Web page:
EcoGrid EU

An energy-market concept empowering households to manage renewables

This project gives a large-scale demonstration of a market concept that supports active user participation to manage smart electricity distribution networks that rely on renewable energy. The project aims to remove the barriers that currently prevent small-scale consumers from participating in the power-balancing market – which helps integrate renewable energy into large grids – to give a stronger voice to these customers.

Worldwide, the share of wind and solar in the energy mix is growing, and is expected to continue to grow. However, these energy resources are highly variable and difficult to forecast. That creates a challenge in making sure there is enough power to meet demand or that all the energy from renewables is used.

Bringing consumers into the market and activating their electricity demand create additional capacity to keep the power system in balance and operate it more securely and economically.

In the EcoGrid model, consumers use automated power-management systems that respond to real-time power price signals. These signals are based on current prices in the conventional power-balancing market. Signals are created every five minutes, with prices increasing when there is a power deficit in the system and going down when there is a power surplus.

Because prices are updated quickly – every five minutes – the network can cope more easily with large amounts of rapidly fluctuating renewable energy sources. The market price is set at the very last minute, so very accurate forecasts of wind power and demand can be used when determining the market prices, minimising problems with the forecast errors present in the conventional markets.

This system allows small-scale and residential electricity consumers to participate in the power market. They help balance renewable electricity generation by actively changing their demand for power in response to availability, which is signalled by the prices. The concept also allows congestion in the local power grid to be reduced.

EcoGrid has tested this concept with 2 000 residential households on Bornholm – a Danish island connected to the Nordic electricity market – where the local distribution system operator (DSO), Østkraft, has already experienced balancing challenges from its high share of wind power. One in ten electricity consumers on the island took part in the test.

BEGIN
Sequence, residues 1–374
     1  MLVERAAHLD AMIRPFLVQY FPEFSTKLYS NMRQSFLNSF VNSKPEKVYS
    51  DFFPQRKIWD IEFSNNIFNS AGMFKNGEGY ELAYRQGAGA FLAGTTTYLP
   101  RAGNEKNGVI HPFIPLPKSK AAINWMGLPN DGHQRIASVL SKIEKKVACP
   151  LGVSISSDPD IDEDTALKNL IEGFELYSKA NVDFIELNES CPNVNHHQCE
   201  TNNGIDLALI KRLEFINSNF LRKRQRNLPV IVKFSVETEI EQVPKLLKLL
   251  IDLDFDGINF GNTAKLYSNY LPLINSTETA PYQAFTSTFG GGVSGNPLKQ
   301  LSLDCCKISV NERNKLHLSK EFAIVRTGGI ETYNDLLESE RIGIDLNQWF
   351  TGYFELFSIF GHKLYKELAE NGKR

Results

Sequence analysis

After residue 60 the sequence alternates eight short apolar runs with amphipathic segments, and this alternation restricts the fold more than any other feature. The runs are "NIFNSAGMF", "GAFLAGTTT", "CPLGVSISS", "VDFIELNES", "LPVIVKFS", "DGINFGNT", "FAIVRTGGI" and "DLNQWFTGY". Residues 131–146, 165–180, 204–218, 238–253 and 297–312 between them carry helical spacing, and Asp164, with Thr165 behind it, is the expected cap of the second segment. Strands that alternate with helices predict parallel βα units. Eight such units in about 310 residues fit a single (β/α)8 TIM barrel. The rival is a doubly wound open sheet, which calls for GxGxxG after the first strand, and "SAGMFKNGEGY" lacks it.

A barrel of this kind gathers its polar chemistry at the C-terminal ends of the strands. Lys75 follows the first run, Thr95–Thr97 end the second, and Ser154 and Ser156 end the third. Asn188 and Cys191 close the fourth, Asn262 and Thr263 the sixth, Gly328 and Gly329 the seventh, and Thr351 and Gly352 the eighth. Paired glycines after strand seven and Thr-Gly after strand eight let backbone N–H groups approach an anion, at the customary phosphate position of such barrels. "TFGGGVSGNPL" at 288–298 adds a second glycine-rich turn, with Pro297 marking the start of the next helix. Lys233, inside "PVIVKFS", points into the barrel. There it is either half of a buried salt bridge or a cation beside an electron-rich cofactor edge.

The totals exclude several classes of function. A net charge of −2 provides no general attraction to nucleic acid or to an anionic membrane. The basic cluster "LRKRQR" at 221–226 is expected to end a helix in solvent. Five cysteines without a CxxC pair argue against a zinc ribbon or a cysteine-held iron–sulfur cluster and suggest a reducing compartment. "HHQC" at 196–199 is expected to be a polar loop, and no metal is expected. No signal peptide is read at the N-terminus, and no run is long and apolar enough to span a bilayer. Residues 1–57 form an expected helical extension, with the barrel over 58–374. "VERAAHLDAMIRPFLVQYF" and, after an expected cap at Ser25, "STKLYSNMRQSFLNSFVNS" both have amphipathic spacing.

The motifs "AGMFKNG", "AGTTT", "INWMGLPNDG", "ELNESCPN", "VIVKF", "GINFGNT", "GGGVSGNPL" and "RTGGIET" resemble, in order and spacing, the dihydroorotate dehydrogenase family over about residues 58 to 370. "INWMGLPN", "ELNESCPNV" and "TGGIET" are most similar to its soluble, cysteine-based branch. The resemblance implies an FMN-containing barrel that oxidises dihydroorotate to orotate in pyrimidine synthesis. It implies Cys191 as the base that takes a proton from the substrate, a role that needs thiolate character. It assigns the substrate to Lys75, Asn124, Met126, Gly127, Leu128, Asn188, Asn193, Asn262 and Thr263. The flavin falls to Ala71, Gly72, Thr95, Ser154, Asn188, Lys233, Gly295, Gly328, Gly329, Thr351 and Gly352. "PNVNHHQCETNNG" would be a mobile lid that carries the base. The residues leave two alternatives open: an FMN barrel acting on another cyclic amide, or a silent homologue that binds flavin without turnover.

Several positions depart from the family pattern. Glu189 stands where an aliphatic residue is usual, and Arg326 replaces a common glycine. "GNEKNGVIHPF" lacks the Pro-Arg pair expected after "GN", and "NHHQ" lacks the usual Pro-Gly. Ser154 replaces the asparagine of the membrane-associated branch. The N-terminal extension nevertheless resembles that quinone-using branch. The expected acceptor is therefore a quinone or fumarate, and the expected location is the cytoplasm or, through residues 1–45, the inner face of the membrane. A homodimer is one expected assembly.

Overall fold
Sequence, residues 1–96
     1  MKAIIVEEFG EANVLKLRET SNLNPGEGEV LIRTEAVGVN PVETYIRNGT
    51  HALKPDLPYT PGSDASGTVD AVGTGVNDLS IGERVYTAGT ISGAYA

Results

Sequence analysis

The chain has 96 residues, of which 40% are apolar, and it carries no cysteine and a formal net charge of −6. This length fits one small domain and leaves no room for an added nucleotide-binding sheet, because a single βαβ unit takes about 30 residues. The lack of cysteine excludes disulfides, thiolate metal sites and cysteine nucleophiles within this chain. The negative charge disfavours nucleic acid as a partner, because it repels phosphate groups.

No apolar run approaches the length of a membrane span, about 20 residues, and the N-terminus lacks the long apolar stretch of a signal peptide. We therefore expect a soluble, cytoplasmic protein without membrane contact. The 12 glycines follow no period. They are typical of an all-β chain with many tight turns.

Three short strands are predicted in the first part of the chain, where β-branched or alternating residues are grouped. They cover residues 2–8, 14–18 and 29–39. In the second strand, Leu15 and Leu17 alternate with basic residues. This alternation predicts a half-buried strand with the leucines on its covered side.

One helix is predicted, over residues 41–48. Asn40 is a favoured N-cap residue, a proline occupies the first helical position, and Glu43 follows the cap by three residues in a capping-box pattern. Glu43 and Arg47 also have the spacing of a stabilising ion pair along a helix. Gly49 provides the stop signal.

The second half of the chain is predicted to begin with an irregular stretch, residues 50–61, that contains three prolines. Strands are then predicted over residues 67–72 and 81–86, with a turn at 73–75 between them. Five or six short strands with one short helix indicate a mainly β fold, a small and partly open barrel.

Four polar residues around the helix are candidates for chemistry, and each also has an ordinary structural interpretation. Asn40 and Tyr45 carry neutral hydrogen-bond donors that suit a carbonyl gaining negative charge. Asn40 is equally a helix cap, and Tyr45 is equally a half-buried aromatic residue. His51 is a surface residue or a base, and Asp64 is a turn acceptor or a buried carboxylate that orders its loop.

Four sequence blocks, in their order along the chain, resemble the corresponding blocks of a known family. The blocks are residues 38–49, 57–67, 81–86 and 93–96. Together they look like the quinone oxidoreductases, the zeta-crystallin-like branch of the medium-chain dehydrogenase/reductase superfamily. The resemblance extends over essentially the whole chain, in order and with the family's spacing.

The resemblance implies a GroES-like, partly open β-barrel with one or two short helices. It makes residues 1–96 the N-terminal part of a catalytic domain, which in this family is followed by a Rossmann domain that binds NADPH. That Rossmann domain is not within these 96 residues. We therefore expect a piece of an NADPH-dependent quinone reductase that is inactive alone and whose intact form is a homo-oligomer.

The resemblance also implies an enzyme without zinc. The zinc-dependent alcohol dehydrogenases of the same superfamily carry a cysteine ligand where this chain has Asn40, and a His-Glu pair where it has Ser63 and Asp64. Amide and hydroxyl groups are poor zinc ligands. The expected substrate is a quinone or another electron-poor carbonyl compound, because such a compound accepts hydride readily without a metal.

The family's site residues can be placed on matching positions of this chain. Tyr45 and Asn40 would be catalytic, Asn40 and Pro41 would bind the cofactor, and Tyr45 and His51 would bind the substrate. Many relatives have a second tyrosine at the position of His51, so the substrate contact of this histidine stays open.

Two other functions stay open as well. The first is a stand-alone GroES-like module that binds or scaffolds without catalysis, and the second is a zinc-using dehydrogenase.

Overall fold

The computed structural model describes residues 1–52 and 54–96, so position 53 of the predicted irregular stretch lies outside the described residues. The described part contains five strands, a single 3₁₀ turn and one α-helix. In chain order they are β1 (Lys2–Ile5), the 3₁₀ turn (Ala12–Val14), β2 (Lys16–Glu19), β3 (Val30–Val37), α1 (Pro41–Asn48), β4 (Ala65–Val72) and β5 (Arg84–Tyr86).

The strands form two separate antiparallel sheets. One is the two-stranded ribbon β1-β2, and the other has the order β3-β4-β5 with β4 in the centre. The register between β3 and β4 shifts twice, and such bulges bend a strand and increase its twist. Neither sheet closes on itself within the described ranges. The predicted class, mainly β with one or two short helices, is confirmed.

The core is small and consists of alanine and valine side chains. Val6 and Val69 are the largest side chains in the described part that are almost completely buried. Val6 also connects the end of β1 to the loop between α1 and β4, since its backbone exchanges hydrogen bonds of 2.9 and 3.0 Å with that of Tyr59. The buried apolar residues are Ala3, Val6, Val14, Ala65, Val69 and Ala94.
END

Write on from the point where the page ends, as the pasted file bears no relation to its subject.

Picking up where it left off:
Most test participants were equipped with demand-response devices with smart controllers and meters that they could pre-programme to respond to real-time prices based on each household’s demand-response preferences. This allowed these small-scale customers to offer additional balancing to the transmission system operators (TSOs). Results showed that whether they used automated control systems or not, EcoGrid customers achieved the real-time demand response they were looking for.

The project’s concept can be applied generally. It reduces the need for production side flexibility, which is more expensive, and can compensate for traditional balancing power and services from replaced conventional generation. And for customers, it makes renewable energy more reliable, while helping them keep control of their bills.

Partners in the project:

  •, Denmark (Initiator)
  • Sintef, Norway (Coordinator)
  • Østkraft, Denmark
  • Danmarks Tekniske Universitet, Denmark
  • Landis+Gyr, Denmark
  • IBM, Denmark/Switzerland
  • SIEMENS, Denmark / Germany /  Switzerland
  • Elia, Belgium
  • Eandis, Belgium
  • Talinn University of Technology, Estonia
  • ECN, The Netherlands
  • TNO, The Netherlands
  • EDP, Portugal
  • Tecnalia, Spain
  • AIT, Austria